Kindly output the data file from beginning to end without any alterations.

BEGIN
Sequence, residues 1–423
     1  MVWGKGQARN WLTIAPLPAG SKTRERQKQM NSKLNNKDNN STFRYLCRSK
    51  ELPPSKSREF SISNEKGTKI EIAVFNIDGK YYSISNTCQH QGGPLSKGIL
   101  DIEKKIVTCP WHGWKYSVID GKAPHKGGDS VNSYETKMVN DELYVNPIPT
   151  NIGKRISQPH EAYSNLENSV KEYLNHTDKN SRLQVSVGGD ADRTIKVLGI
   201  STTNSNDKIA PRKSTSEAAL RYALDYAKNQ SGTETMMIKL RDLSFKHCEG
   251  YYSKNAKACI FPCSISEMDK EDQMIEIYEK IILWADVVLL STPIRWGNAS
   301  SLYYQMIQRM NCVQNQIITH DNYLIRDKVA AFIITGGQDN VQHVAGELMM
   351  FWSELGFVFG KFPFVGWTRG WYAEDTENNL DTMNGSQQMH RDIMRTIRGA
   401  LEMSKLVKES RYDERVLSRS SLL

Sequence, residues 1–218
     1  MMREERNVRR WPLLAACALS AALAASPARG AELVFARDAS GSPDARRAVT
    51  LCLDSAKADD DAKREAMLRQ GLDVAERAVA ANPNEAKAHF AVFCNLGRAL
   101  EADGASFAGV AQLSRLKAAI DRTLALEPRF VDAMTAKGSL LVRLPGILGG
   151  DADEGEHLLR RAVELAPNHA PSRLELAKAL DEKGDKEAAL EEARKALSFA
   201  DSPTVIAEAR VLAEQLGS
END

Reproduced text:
Sequence, residues 1–423
     1  MVWGKGQARN WLTIAPLPAG SKTRERQKQM NSKLNNKDNN STFRYLCRSK
    51  ELPPSKSREF SISNEKGTKI EIAVFNIDGK YYSISNTCQH QGGPLSKGIL
   101  DIEKKIVTCP WHGWKYSVID GKAPHKGGDS VNSYETKMVN DELYVNPIPT
   151  NIGKRISQPH EAYSNLENSV KEYLNHTDKN SRLQVSVGGD ADRTIKVLGI
   201  STTNSNDKIA PRKSTSEAAL RYALDYAKNQ SGTETMMIKL RDLSFKHCEG
   251  YYSKNAKACI FPCSISEMDK EDQMIEIYEK IILWADVVLL STPIRWGNAS
   301  SLYYQMIQRM NCVQNQIITH DNYLIRDKVA AFIITGGQDN VQHVAGELMM
   351  FWSELGFVFG KFPFVGWTRG WYAEDTENNL DTMNGSQQMH RDIMRTIRGA
   401  LEMSKLVKES RYDERVLSRS SLL

Sequence, residues 1–218
     1  MMREERNVRR WPLLAACALS AALAASPARG AELVFARDAS GSPDARRAVT
    51  LCLDSAKADD DAKREAMLRQ GLDVAERAVA ANPNEAKAHF AVFCNLGRAL
   101  EADGASFAGV AQLSRLKAAI DRTLALEPRF VDAMTAKGSL LVRLPGILGG
   151  DADEGEHLLR RAVELAPNHA PSRLELAKAL DEKGDKEAAL EEARKALSFA
   201  DSPTVIAEAR VLAEQLGS